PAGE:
I recently blogged about an assistant professorship being advertised by the Radboud University Nijmegen in the Netherlands. Readers may have noted that the advert is very specifically targeted at suitably qualified candidates who are “native speaker[s] of American English, or have near-native command of American English”. This is a noteworthy requirement for several reasons:
Pragmatically, it is interesting to note that there is no similar proficiency requirement for Dutch, even though this is a university in the Netherlands, and there is a clearly stated expectation that the successful candidate will engage in “administrative tasks at departmental and faculty level”.
From a linguistic perspective, the term ‘American English’ is quite problematic, too. Despite a certain degree of standardisation in spelling, there is such dialectal diversity in the States as to render the term ‘American English’ a linguistically vacuous abstraction: An educated Bostonian sounds quite different from a working-class Texan, and both these dialects are markedly different from African-American Vernacular English. In keeping with good faith, I presume that the selection committee would not discriminate against those speakers of American English who do not sound ‘educated’, ‘successful’ or ‘sophisticated’. But then one is compelled to ask on what linguistic criteria speakers of British or Australian English dialects had to be excluded from consideration.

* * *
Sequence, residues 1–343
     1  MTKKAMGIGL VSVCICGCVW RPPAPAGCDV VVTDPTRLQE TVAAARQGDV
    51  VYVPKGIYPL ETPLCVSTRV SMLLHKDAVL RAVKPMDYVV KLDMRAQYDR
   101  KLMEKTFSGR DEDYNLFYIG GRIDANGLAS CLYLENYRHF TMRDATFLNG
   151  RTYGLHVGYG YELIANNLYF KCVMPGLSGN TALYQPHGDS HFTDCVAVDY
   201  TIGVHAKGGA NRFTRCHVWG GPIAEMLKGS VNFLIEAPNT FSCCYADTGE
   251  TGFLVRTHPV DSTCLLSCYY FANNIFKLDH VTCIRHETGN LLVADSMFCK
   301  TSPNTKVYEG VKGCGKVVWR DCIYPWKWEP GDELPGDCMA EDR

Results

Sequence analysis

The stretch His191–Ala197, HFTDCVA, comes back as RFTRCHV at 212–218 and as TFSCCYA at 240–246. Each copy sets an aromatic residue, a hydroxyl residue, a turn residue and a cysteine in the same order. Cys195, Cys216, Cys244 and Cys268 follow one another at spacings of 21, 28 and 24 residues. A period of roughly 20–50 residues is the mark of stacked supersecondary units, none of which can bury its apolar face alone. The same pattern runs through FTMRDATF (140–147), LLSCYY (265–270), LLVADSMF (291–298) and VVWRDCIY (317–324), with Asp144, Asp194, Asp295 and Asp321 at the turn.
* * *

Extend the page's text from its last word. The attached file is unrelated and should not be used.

In terms of language policy, one is puzzled by the fact that this university prioritises American English as a requisite for success in the business world. It is far from evident why this would be the most appropriate linguistic resource for conducting business in settings such as the City, Singapore or Switzerland. If trainee business executives are preparing for success in a global market, it is -I think- self-evident that they need to be sensitised to the role and status of World Englishes and their speakers. The proposition implicit in this advert, namely that American English constitutes a universally appropriate model of communication, and that it is in fact preferrable to other English varieties, surely undermines this goal.
The neo-colonial practices of replacing local teachers with native English speakers has been extensively criticised in the literature as being educationally unsound and politically problematic (e.g., Holliday 2005: 6-7 and passim, Phillipson 1992: 193-199). In fact, the term ‘linguicism’ has been coined by Tove Skutnabb-Kangas, in analogy to ‘racism’, to describe such discriminatory practices. I must confess that I have always disliked the way the word sounds, but it does seem highly apt in this context.